The only thing remarkable about the two photos you see here is that they're both in focus. And I use an autofocus, so that's not saying much.
One ran on the cover of our Wauwatosa paper and one ran as the lead photo on the sports section of the same paper. The photos were made on Friday, May 15, 2009, shortly after the start of a 6:30 p.m. soccer game in Wauwatosa and at the end of the longest and saddest day of my 18-year career.
The economy is in the tank, newsrooms across the country have been laying people off and couple of months ago we at CNI were told to expect layoffs during 2009, and most of us were bracing ourselves, but nothing could ever prepare us for that was to happen.
Shortly after 9 a.m. on the day these photos were made, it was announced at a company meeting that we at CNI would be laying off 19 newsroom employees effective immediately the same day. What followed was heart breaking for all involved and will stay with me for the rest of my life to one extent or another.
I've had bad days during my career as a photojournalist and in 2001 was laid off myself, but nothing has ever come, and I hope never does, close to That Friday. As the announcement was being made, the resident newsroom wise-cracking tough guy - that's me, by the way - was the first to get emotional.
What followed was a numbing couple hours of goodbyes, helping co-workers clean out desks, and, yes, lots of hugs and tears. I'm an emotional guy - both good and bad - but that day took the cake. From young cubs I'd taken under my wing to vets older then me, it seemed the whole newsroom was crying at once - and we probably were. By the way, the sleeves on a leather jacket really don't work as an improvised tissue very well.
As the dust was settling that day, those of us still with jobs still had eight newspapers to put out for May 21 and we tried the best we could to bury what we were going through and attempt to concentrate on the job at hand.
By noon That Friday I had a new job description. I was to be, and am, responsible for all photographic coverage for our Web sites and papers south of I-94. My co-worker C.T. Kruger is responsible for everything north of I-94.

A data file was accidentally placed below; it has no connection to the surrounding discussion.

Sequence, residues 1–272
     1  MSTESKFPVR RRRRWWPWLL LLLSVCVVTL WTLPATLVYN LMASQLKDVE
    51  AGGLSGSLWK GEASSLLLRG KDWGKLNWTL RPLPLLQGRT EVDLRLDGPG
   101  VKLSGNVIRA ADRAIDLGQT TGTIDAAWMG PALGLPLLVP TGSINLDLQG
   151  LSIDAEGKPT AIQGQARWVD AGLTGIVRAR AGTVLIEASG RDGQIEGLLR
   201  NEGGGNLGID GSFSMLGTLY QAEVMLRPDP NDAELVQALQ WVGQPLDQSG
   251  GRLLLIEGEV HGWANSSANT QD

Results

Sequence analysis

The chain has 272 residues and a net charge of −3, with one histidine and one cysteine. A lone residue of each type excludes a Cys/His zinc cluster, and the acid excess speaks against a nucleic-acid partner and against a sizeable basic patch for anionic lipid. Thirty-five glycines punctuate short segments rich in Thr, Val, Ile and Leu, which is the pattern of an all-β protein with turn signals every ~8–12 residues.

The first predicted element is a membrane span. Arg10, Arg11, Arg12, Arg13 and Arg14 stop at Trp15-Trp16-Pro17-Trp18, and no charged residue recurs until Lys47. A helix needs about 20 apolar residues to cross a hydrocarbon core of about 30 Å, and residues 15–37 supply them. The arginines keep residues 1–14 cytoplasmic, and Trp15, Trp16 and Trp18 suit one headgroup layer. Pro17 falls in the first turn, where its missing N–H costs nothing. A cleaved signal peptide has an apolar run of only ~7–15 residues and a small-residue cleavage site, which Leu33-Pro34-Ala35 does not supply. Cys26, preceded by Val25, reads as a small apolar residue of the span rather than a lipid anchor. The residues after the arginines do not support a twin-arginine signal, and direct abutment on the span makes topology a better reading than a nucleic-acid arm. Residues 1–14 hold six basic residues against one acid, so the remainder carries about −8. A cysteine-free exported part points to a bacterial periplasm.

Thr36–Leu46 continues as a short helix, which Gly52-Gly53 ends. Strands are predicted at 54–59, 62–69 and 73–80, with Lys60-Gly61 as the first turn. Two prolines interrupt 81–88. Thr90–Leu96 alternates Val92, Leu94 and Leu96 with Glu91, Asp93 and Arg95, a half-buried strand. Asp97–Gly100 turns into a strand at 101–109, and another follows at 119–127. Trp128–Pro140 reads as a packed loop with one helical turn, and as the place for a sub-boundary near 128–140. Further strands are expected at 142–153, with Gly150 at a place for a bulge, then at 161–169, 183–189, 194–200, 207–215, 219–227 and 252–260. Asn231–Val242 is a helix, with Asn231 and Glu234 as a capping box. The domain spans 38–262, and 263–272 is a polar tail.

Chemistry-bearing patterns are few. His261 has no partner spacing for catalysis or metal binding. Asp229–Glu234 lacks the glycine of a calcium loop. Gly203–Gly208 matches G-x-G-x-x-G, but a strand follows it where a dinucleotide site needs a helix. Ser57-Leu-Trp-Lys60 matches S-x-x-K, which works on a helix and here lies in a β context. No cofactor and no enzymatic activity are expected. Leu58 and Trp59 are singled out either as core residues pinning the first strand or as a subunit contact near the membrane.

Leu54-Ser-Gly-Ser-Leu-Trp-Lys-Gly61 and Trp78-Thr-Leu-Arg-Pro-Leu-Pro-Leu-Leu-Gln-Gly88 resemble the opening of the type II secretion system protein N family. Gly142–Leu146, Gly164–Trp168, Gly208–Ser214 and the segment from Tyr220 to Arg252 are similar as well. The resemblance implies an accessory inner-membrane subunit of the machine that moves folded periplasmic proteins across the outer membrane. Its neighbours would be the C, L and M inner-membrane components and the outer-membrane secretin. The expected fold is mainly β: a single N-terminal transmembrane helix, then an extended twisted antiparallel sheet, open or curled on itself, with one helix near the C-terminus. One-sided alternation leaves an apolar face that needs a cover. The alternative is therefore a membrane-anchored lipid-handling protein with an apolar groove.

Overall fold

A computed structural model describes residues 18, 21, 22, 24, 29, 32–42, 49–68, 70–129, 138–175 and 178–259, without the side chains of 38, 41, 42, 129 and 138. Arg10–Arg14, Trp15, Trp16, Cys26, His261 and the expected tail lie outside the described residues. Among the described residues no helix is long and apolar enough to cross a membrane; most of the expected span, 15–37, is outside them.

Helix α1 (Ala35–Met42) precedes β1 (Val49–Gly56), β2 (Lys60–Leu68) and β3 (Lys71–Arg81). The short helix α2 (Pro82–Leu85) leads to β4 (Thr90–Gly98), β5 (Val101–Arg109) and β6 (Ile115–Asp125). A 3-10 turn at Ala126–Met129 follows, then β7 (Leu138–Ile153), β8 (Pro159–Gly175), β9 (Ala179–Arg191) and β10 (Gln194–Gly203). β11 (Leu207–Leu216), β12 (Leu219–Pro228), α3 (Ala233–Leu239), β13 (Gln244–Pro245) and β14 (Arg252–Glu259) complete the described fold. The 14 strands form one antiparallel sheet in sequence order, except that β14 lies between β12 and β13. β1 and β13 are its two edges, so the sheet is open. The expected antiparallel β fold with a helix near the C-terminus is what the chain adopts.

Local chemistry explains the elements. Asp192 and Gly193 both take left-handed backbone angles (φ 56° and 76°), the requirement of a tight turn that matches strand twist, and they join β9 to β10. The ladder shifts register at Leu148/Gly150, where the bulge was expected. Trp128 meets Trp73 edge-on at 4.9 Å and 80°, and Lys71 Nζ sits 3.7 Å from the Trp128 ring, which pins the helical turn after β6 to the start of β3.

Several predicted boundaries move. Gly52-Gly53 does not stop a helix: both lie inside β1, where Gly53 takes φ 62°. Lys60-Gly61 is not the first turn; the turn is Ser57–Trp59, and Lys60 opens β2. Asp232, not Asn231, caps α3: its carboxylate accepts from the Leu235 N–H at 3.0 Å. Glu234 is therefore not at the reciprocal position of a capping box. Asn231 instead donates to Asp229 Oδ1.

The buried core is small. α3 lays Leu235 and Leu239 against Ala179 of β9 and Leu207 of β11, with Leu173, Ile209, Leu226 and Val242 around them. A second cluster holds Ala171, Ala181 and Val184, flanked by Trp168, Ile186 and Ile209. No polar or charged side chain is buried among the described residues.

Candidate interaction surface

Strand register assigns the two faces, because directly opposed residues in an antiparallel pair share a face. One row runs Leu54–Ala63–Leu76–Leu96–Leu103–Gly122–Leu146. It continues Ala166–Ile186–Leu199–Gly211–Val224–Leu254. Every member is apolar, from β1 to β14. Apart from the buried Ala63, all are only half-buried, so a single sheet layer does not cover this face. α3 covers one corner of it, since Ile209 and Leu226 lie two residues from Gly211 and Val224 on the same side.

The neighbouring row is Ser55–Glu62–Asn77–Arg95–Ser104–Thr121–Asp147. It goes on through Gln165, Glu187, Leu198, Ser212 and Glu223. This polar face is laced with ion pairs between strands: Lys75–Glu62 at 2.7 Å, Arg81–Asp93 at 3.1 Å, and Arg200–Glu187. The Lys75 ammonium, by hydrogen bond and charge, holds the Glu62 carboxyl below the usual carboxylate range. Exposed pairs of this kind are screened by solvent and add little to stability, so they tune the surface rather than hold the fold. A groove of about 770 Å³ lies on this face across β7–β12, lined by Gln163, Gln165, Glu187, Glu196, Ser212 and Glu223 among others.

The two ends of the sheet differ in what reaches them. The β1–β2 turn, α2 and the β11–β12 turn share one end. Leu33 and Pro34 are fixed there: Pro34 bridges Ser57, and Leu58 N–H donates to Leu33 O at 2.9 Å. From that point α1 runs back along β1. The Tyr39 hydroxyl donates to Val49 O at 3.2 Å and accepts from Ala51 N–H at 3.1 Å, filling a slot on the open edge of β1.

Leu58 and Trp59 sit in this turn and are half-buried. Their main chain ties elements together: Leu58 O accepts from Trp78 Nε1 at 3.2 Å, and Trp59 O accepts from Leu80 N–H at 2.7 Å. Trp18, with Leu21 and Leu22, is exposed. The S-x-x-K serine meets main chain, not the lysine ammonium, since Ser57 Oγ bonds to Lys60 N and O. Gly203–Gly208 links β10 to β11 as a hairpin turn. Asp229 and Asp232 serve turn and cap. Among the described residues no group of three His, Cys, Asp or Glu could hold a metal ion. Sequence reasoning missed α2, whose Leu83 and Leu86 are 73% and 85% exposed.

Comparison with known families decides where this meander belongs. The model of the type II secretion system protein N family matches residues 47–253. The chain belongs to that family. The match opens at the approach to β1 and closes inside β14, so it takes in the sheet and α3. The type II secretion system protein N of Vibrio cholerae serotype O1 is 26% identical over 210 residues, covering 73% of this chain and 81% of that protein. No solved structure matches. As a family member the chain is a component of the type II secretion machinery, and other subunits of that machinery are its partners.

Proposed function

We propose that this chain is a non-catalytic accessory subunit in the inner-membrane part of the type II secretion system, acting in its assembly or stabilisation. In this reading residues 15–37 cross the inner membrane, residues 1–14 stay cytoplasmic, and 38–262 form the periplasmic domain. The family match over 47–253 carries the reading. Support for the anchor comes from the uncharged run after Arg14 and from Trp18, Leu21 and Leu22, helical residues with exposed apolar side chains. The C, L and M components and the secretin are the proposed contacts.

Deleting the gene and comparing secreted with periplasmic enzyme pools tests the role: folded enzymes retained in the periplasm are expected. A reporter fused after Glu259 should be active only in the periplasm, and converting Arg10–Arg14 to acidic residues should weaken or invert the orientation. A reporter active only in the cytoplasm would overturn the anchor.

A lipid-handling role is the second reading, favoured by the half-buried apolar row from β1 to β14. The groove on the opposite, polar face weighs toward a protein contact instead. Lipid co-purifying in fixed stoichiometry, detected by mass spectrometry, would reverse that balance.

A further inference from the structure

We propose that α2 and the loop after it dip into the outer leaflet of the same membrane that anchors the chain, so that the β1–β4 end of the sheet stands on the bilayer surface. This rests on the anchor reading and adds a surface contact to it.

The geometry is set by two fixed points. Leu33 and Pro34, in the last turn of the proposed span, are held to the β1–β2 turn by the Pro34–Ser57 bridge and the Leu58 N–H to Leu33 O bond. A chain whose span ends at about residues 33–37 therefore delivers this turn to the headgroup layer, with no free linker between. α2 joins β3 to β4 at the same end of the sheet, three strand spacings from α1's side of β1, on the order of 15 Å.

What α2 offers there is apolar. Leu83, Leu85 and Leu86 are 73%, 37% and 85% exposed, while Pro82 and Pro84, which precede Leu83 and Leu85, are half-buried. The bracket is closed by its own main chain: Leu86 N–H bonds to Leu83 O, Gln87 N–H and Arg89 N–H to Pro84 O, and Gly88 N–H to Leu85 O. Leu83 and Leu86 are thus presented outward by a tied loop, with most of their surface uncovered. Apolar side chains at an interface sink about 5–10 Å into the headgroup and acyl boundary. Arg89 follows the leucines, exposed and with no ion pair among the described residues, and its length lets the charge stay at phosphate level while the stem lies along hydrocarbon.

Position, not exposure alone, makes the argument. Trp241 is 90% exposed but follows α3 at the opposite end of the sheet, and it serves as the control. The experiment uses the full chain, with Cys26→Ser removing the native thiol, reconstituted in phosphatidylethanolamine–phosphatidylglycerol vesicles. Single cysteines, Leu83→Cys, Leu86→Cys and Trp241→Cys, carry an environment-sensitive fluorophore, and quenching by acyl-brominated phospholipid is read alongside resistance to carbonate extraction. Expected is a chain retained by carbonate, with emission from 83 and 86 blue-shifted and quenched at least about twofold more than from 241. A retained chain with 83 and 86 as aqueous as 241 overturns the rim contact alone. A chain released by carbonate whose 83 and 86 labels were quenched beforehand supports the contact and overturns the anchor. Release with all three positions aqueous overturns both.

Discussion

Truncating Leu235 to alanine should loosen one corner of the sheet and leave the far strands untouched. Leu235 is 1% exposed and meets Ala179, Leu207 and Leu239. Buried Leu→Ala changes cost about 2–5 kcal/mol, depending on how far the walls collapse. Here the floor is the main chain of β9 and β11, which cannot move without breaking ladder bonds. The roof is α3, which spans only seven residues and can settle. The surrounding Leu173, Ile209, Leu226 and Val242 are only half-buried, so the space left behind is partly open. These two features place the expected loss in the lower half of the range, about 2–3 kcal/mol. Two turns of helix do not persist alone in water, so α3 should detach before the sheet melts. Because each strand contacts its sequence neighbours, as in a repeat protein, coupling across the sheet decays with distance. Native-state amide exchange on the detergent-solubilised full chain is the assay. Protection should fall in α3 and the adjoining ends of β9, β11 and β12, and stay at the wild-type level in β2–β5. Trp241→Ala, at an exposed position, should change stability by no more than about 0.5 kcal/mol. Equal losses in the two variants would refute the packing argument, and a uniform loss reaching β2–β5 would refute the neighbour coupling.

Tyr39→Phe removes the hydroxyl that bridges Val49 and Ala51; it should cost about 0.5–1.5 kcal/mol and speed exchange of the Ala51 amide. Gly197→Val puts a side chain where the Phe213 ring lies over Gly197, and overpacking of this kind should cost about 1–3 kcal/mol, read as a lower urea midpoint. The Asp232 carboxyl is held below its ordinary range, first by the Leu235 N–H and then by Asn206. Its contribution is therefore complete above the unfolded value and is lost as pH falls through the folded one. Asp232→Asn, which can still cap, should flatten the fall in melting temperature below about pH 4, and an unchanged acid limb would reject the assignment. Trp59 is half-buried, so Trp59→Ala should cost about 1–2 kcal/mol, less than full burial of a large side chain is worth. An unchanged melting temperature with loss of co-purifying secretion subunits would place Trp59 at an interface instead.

One of the first things I did That Friday that I did while not on autopilot was to request that in addition to my new job description that I remain the primary photographer responsible for sports coverage for our papers and Web sites. I volunteered for extra work because I believe in the people I cover. You, the prep athletes. If we at CNI don't cover, you who will?
Preps is all the sports we cover and as I have been accused of I'm self absorbed and think I'm good at that I do and will do a better job at it then anyone. We're changing at CNI, but if I have anything to say about it - and to a small extent I do - photographic sports coverage of high school athletics will continue to be a priority for us. We plan to update our Web sites within 24 hours of a sporting event that we cover photographically, so look at the web first before the paper comes out on Thursdays.
As I've been thinking of this column I've thought of all the really great former co-workers I wanted to mention here by name, but on reflection on this rainy Wednesday afternoon I don't think I will as much as I want to.
Most were behind-the-scenes folks why rarely had a byline. Great folks who led from the front-fighting for all of us at CNI, really patient people who helped old dogs learn new tricks, technology wizards who always made the best of what they had, and young cubs with more talent then I'll ever have. You folks know who you are. I respect and love you all.
I don't know for sure how long I was at the office That Friday, I think it was six hours, but I'm not sure. Through all the events of That Friday, the only thing I really wanted to do was cover the Wauwatosa East vs. Wauwatosa West girls soccer game I was scheduled to cover that day.
I couldn't make a difference the way I wanted to in the office that day, but I did know that I could make a difference on the sidelines with a camera covering a soccer game.
See ya on the sidelines,